Partly Cloudy

Partly Cloudy

max temp: 20°C

min temp: 12°C

Search

Felixstowe link in smuggling operation

PUBLISHED: 16:00 06 November 2001 | UPDATED: 15:19 03 March 2010

THE Port of Felixstowe has been implicated in one of the biggest-ever smuggling operations involving cigarettes worth as much as £25 million.

A court has heard that most of the bootlegged tobacco was brought through Dover, however customs officers are alleging other container loads were also imported through Suffolk.

THE Port of Felixstowe has been implicated in one of the biggest-ever smuggling operations involving cigarettes worth as much as £25 million.

A court has heard that most of the bootlegged tobacco was brought through Dover, however customs officers are alleging other container loads were also imported through Suffolk.

It is believed some of the 22 consignments officers claim were brought into the country on illegal runs from Egypt came in via Felixstowe docks.

The accused, Raymond Featherstone, 53, is said to have set up a bogus fashion company as a front for bringing in the cigarettes.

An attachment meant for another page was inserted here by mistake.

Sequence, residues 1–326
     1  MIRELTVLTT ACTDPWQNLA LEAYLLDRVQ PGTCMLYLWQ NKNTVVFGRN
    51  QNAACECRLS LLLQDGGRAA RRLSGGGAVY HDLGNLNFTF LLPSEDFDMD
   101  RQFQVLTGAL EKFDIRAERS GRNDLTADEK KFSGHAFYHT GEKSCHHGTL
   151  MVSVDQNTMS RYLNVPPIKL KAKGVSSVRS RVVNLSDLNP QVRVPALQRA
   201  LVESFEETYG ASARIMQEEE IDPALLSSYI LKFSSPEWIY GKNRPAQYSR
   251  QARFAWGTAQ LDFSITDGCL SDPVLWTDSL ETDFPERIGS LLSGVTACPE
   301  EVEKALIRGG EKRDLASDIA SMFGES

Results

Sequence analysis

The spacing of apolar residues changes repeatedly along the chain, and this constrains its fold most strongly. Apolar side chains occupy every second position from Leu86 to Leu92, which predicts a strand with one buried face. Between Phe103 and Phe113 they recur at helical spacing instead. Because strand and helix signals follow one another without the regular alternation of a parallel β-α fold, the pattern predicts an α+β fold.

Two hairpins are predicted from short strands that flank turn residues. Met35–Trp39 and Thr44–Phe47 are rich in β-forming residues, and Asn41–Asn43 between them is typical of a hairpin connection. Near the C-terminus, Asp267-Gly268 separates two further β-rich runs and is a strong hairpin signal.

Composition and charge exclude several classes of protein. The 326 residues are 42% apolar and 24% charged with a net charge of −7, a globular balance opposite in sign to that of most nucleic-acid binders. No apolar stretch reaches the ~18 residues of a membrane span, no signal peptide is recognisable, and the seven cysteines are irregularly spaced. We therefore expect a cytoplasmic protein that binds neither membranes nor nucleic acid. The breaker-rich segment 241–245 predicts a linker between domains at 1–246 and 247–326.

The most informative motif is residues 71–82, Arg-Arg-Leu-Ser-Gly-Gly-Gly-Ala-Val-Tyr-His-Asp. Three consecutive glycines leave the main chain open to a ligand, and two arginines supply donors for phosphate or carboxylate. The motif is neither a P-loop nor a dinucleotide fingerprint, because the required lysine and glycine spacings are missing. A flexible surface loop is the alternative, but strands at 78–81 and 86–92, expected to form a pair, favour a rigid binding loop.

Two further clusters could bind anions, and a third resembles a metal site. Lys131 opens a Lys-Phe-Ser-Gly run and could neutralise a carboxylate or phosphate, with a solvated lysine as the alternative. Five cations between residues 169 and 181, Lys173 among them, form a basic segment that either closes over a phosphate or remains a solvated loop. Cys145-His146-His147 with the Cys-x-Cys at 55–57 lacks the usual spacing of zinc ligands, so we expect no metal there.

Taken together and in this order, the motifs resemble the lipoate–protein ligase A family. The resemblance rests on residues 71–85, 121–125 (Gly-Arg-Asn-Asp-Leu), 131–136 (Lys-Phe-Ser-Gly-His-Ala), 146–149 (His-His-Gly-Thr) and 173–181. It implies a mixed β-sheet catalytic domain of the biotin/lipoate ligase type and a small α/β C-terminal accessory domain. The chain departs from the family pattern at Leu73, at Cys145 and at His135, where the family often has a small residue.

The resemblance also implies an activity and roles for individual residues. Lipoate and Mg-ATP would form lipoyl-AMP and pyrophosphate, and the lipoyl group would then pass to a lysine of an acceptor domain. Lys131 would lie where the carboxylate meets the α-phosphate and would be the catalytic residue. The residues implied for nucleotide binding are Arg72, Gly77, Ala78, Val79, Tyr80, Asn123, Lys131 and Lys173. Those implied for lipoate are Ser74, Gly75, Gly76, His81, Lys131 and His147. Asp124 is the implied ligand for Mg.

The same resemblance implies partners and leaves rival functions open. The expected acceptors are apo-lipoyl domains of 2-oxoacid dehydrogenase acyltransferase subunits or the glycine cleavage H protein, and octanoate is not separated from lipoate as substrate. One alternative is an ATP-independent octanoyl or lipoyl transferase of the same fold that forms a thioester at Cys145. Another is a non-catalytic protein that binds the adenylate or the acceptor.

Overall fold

Featherstone has denied being involved in smuggling tens of millions of cigarettes between October 1998, and May 1999, and evading millions of pounds in duty.

The case at Cambridge Crown Court was set to resume today with more of the defence case.

Featherstone, of The Hamlet, Chettisham, near Ely, is alleged to have set up a company called Questa Fashion as a front for the fraud – to import in textiles.

But the plot was uncovered by Customs and Excise officers at Thamesport – owned by same group which owns Felixstowe port – in Kent during a routine operation.

Two containers containing 19 million cigarettes – including popular brands such as Benson and Hedges, Rothmans and Regal – were intercepted in May 1999, which led to a thorough investigation of his company and the cargoes it has been transporting.

The prosecution claims that it is "sensible and logical" to believe that 22 other containers shipped by Featherstone from Egypt also held cigarettes.

Customs officers reckoned that each load which got through was worth £1 million duty evaded, and there had probably been as many as 24 or 25 loads.

The defendant handled shipment of the goods himself through his own firm Supreme Shipping and Forwarding UK, but the jury was told he was probably part of a larger organisation and was brought in because of his shipping expertise.

In interviews after his arrest, Featherstone maintained Questa Fashion was not his firm and he had been approached by two men to provide mailing addresses for container shipments.

He denied any knowledge of cigarette smuggling or a customs officer's claim he had invented a "cock and bull story" in a bid to cover his tracks.

Most Read

Most Read

Latest from the Ipswich Star

Hot Jobs

Show Job Lists